The Plaza de Toros de la Merced (bullring) was built from 1901-1902 and commissioned by architect, Trinidad Gallego Díaz, who was inspired by the bullring in Madrid, known as "the one on Calle Aragon".
The bullring dates back to 1972 and, from within, resembles the typical concrete architecture of this era. From the outside it is more interesting, due to the unique asymmetric design created by Juan Moro Urbano, the exterior is landscaped to allow access to the upper terraces without the necessity of steps.
Bullfighting as we know it today, started in the village squares, and became formalised, with the building of the bullring in Ronda in the late 18th century. From that time, it began to follow a particular sequence of events: the entrance of the bull, the picador, the banderilleros, and finally the matador (bullfighter). Many of the picadors' horses were injured in the early days, so these heavy horses now wear protection.
Pedro Romero did not "invent" bullfighting. The origins of Andalucía's strange, compelling ritual are lost in time, and are almost certainly rooted in some forgotten rite of passage of the shadowy, mysterious Celtiberians who peopled the peninsula centuries before the coming of the Romans.
Bullfighting is a subject which divides people like no other; you either love it or hate it; you're an aficionado, with your preferred matadores, who can discuss technique and arte; or you can't take the blood. It's about drama and colour of the spectacle; the passion of the audience; and the courage and skill of the man (nearly always; Almodovar's female matador was the exception) himself.
Whether they like it or not, bullfighters enjoy celebrity status here in Spain. They're even richer and more famous than footballers - because facing off a huge, angry beast is so much more macho and impressive than kicking a small ball around a field. They often end up with (in)famous partners - witness Jesulin and Belen Esteban, permanent fixture on trashy TV shows; El Cordobes and our recent interviewee, fashion designer and TV presenter Vicky Martin Berrocal; Fran Rivera was married to the Duquesa de Alba's daughter, Eugenia. Cayetana, a big bullfighting fan herself, maintains a close relationship with her ex-son-in-law.
Two of Spain's most prestigious bullrings are in Andalucia. Seville has the 18th-century Maestranza, known as the Catedral del Toreo (Cathedral of Bullfighting) and seating 14,000, while Ronda is where Pedro Romero invented modern bullfighting, on foot as opposed to on horse back (see FACT II), in the 18th century. Sevilla's bullring has its most important bullfights during the Feria de Abril, the Spring Fair, while in Ronda's Maestranza (the name for the horsemanship order which runs the bullring) the Goyescas in September see matadors wearing period costume from the Goya era.
As of July last year, bullfighting in Catalonia is banned, joining the Canary Islands in bidding goodbye to La Fiesta. There are strong anti-bloodsports movements in other parts of Spain - even Andalucia, which is considered its home (see FACT IV) - though it remains to be seen if or when these people will achieve their aim in ensuring that trajes de luces (suits of lights, worn by bullfighters) only appear as museum pieces. An estimated 150,000 people are employed in the sport in Spain, from bull-breeders to suit makers.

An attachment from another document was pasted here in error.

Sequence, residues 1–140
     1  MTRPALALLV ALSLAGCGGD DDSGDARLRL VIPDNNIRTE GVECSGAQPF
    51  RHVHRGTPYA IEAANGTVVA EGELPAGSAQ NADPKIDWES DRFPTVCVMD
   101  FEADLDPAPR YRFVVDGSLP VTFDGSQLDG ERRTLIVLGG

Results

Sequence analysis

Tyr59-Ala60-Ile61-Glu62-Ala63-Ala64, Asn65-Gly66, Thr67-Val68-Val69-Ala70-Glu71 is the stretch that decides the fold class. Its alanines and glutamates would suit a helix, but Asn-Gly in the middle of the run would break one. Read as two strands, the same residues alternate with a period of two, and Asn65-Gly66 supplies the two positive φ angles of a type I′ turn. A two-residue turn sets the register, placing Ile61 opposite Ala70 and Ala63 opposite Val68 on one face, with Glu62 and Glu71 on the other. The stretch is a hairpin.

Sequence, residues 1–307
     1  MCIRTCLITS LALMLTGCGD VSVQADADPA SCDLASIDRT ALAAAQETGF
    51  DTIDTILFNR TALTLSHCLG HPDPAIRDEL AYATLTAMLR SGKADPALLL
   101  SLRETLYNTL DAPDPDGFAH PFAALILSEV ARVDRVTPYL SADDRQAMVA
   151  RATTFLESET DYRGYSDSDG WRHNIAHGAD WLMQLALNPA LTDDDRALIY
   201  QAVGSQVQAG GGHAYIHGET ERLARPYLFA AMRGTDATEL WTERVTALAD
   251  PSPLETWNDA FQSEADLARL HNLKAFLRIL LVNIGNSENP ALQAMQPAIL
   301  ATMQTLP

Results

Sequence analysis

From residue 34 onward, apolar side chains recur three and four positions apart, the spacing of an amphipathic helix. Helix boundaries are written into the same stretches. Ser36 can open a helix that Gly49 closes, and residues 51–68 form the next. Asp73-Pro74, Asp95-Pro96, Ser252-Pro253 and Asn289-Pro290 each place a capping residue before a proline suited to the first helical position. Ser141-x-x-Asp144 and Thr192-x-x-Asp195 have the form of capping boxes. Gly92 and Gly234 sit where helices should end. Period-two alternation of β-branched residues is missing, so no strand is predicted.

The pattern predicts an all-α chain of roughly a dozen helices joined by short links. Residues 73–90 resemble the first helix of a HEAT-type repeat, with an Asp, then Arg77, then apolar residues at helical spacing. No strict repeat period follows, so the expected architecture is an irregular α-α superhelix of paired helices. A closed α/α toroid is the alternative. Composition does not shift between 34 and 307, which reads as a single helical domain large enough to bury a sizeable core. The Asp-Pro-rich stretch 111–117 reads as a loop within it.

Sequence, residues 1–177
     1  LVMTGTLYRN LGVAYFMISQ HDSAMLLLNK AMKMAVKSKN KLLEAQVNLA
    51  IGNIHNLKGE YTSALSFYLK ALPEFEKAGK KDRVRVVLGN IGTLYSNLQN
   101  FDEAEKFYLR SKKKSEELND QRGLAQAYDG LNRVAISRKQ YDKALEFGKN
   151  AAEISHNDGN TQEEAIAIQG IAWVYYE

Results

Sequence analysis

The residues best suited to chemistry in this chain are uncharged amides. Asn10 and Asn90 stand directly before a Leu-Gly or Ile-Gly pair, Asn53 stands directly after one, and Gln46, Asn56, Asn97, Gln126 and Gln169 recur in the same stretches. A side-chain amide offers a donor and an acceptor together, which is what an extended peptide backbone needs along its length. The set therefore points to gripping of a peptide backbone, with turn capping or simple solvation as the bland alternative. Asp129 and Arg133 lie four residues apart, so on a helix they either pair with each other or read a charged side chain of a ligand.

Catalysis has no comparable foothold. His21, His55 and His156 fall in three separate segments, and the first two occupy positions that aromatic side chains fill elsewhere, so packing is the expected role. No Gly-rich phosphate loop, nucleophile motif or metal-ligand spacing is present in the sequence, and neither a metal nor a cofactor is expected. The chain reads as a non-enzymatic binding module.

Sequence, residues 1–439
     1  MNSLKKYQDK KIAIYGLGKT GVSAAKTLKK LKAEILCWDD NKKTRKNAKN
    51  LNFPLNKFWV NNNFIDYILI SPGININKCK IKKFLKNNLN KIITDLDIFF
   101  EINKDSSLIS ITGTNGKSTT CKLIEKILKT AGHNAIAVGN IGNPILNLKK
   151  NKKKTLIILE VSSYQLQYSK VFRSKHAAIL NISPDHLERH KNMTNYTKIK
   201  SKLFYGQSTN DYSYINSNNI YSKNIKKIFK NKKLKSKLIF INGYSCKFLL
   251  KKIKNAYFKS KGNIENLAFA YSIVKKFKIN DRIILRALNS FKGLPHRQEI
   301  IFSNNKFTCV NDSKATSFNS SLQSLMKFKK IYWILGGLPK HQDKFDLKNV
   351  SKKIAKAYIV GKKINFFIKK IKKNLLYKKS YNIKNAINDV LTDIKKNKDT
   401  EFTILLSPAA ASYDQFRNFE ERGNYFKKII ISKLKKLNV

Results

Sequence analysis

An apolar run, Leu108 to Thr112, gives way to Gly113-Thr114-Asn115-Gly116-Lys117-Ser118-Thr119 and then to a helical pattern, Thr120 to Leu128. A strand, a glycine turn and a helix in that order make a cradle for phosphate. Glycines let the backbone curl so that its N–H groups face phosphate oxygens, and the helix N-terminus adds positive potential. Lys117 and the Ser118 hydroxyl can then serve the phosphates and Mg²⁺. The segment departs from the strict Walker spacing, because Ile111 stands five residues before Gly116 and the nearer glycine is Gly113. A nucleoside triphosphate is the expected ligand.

The origins of bullfighting are probably in the man v beast contests of the Roman gladiators. Even earlier, Palaeolithic paintings found in Spain depict men fighting bulls and other wild animals. In Greek legend, you have Theseus and the Minotaur, a half-man half-bull, while a Babylonian legend has its hero slaying a bull by thrusting his sword "between nape and horns". But there are also strong links with the popular Moorish pastime of rejoneando, where a rider would confront the bull using a rejón (lance) in an arena (picadores in modern-day Spanish bullfighting). Portugal holds rejoneo bullfights where cavaleiros, who wear 18th-century dress and ride padded horses, are the stars, rather than the matadors, as in Spain. In Portuguese bullfights, the bull is not killed in the ring.
It's an irresistible topic for writers - in the early 20th century, those who waxed (lyrical, or not) about La Lidia included Ernest Hemingway and DH Lawrence. For Hemingway, it was about that macho rush of adrenalin, the visceral battle of man against beast, and morbidity. In Death in the Afternoon , he remarks that "people must have an interest in death. and when they can see it being given, avoided, refused and accepted in the afternoon for a nominal price of admission, they pay their money and go to the bullring." In The Plumed Serpent, Lawrence's female protagonist takes a very different view of a corrida in Mexico City: "For the first time, a bull seemed to her a fool. She had always been afraid of bulls, fear tempered with reverence of the great Mithraic beast. And now she saw how stupid he was, in spite of his long horns and his massive maleness. Blindly and stupidly he ran at the rag, each time, and the toreadors skipped like fat-hipped girls showing off."